Back in June and July of 2014, I set a world record for nonstop distance sailing in a dinghy, traveling 283.5 nautical miles (325.6 statute miles or 534 kilometers) up and down Chesapeake Bay over 86 hours. This, despite the intervention of Hurricane Arthur, as it bore down on Hampton Roads on July 2, forcing me to turn aside well short of my intended goal of over 300 nautical miles. When I hit the shore in Calvert, Maryland just before dusk, I knew I had a lot more to give.
And so many people were interested and motivated by the trip, I knew I had to go again and give it my all. That brings us to now, June 20, 2015, as I plunge into the last days of planning and preperation for my new project, a sail from Beaufort N.C. to Annapolis Md., a distance of about 320 nautical miles (about 368 miles or 592 kilometers), sailing around Cape Hatteras and up the Atlantic Seaboard, entering the Chesapeake Bay and finishing on familiar and friendly turf.
While the sailing is a solo effort, the project involves a vast team of people and supporters, staring with my wife, Lisa, who has championed the project and through her technical skills, promoted it and helped shared it with a wide audience.
Among that audience, Kyle and Darren Leonard of Shoreline Sailboats in Avon, N.Y. (Western New York's Performance Sialboat Dealer) were captivated by the journey in 2014 and lept to the support of the project this year. Shoreline provided a brand new Laser for the trip and delivered it. The picture with this blog is Kyle and myself mugging for Lisa in Mechanicsville, Pa., where we met to pick up the little craft that will (with hope) carry me to success on this mission. To have a dream and a quest feels like a giant thing in the heart, but to share it with others and know that it gives others inspiration and pleasure is immense. And I find it hard to express the gratitude I feel for the generous support.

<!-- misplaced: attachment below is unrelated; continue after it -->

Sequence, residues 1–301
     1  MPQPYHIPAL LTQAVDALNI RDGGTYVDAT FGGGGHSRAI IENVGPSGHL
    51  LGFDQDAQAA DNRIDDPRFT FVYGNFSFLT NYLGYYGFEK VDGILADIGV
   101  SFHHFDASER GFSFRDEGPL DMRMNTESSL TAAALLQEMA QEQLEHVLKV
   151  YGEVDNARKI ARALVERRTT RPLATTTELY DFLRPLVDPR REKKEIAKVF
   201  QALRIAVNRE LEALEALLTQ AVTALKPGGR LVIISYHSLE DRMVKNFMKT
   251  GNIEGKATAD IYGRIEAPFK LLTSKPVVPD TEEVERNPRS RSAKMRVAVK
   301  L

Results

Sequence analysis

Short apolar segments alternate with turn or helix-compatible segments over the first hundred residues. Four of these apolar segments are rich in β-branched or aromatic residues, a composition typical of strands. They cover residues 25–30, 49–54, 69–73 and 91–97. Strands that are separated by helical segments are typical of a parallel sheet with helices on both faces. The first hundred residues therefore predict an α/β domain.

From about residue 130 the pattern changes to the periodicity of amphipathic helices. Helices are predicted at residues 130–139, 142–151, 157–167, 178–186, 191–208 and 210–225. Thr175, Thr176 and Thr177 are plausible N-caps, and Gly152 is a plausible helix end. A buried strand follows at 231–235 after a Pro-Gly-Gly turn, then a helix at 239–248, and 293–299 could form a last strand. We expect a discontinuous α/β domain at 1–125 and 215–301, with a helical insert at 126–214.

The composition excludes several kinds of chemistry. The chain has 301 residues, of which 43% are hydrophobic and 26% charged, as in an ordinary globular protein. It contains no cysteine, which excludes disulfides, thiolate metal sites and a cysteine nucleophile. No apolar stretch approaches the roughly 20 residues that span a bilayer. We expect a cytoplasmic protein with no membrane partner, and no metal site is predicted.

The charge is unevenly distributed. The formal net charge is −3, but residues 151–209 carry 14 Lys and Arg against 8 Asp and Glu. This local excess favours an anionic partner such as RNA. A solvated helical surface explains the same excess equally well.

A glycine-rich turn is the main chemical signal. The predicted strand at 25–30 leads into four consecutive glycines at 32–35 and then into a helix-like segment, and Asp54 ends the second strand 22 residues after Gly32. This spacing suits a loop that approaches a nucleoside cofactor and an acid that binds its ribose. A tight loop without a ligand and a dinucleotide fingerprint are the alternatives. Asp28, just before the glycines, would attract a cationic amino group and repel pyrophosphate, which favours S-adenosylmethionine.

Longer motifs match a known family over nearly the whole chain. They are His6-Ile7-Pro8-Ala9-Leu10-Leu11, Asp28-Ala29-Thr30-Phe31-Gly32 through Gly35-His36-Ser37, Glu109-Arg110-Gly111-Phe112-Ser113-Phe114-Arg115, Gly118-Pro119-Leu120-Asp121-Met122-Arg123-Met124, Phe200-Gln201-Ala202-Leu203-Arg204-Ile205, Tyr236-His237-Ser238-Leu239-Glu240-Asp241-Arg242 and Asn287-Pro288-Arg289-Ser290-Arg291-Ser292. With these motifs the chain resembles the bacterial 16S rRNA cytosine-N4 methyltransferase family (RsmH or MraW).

The safety gear maker McMurdo also came to the support of the project, providing personal locator beacons and an emergency AIS beacon for my safety offshore and in the wide waters of the Chesapeake. It is an absolute comfort to have their gear attached to my life jacket while I will be in big water (especially at night). You can see the gear on a web page of this site.
The clothing and gear maker Gill also came to the support of this project, and will be providing a very carefully researched range of clothing to help keep me dry and warm during the long hours of this quest. It is no small thing. Loss of heat and energy would put serious limits on my ability to endure three days of nonstop sailing and exposure to the sun and chafe from the lines and tiller would surely stop the body without adequate protection. I will share more about this in future posts.
And I would never have been able to get there and back without the help of Magellen, which generously provided a handheld GPS unit, the Xplorist 510, which kept me on course and informed throughout the journey last year. I will be using the same unit this year to guide me from N.C. to Maryland.
In the final stretch here, I will be double checking my routing, buying and stacking food, going over my safety gear and lights and double checking the rigging.
I look forward to sharing the trip with you, and hope you will share it with me.